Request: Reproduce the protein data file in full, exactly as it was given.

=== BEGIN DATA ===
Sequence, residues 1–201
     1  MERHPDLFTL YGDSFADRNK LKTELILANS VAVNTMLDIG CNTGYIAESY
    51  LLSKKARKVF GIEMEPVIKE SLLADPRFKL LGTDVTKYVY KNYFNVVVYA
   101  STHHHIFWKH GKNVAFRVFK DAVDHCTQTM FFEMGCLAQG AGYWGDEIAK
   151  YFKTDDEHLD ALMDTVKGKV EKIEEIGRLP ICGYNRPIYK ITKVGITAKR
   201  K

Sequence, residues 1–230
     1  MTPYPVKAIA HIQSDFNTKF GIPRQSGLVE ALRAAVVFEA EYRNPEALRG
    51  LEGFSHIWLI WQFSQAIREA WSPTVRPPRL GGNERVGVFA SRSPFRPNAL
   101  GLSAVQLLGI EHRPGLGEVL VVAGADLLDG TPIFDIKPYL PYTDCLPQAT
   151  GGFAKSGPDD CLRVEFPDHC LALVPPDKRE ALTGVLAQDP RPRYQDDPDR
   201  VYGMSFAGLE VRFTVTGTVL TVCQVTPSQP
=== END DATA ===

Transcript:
Sequence, residues 1–201
     1  MERHPDLFTL YGDSFADRNK LKTELILANS VAVNTMLDIG CNTGYIAESY
    51  LLSKKARKVF GIEMEPVIKE SLLADPRFKL LGTDVTKYVY KNYFNVVVYA
   101  STHHHIFWKH GKNVAFRVFK DAVDHCTQTM FFEMGCLAQG AGYWGDEIAK
   151  YFKTDDEHLD ALMDTVKGKV EKIEEIGRLP ICGYNRPIYK ITKVGITAKR
   201  K

Sequence, residues 1–230
     1  MTPYPVKAIA HIQSDFNTKF GIPRQSGLVE ALRAAVVFEA EYRNPEALRG
    51  LEGFSHIWLI WQFSQAIREA WSPTVRPPRL GGNERVGVFA SRSPFRPNAL
   101  GLSAVQLLGI EHRPGLGEVL VVAGADLLDG TPIFDIKPYL PYTDCLPQAT
   151  GGFAKSGPDD CLRVEFPDHC LALVPPDKRE ALTGVLAQDP RPRYQDDPDR
   201  VYGMSFAGLE VRFTVTGTVL TVCQVTPSQP